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IPFS News Link • Revolving Door

How some retired military officers became well-paid consultants

• Tom Vanden Brook and Ken Dilanian, USA TODAY
WASHINGTON — Defense Secretary Robert Gates' top deputy will brief the Joint Chiefs of Staff today on his recommendations to regulate the Pentagon's practice of hiring retired senior officers to advise the military, Gates' spokesman said.

Gates ordered Deputy Secretary William Lynn in December to review the military's practice of paying retired officers hundreds of dollars an hour to act as "senior mentors," helping run war games and advising active-duty officers.

Lynn has completed the review and will present his recommendations to Gates, Adm. Michael Mullen, chairman of the Joint Chiefs of Staff, and the chiefs of the military services, Pentagon press secretary Geoff Morrell said.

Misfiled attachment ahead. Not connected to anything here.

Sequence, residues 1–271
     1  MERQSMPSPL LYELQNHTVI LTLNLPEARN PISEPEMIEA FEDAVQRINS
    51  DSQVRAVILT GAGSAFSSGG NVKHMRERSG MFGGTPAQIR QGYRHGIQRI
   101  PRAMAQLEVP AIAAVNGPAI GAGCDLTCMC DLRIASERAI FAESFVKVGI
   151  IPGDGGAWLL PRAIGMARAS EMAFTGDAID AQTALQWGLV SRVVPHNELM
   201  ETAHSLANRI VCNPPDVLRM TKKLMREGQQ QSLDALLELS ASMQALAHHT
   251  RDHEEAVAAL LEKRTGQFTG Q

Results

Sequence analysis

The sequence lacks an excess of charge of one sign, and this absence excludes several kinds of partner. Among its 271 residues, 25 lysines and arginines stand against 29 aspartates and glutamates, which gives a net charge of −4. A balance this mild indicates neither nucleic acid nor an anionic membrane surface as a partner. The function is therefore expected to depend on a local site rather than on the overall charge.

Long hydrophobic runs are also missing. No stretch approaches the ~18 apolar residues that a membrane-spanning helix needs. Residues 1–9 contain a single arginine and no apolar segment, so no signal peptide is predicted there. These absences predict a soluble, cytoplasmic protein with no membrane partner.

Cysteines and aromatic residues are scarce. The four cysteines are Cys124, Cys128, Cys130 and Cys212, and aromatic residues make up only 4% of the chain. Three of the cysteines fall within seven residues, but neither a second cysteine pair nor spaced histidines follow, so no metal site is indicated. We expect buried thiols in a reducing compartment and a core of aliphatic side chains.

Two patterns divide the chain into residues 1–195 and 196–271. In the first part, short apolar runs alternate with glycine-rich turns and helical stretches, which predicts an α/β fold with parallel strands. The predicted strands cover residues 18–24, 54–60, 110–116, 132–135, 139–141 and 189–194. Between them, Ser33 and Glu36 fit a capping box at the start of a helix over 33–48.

USA TODAY INVESTIGATION: Retired officers cash in

Gates was responding to a USA TODAY investigation, which reported that most of the mentors had ties to defense contractors and that there were few ethics rules governing potential conflicts of interest. The newspaper reported that some mentors were earning more as advisers than they did as active-duty generals, even as they collected six-figure pensions and consulted with defense companies seeking Pentagon contracts.

In the months leading up to the review, Gates has expressed concern about mentors' pay, which can reach $486 an hour. Mullen said in November that mentors must avoid even the appearance of a conflict of interest.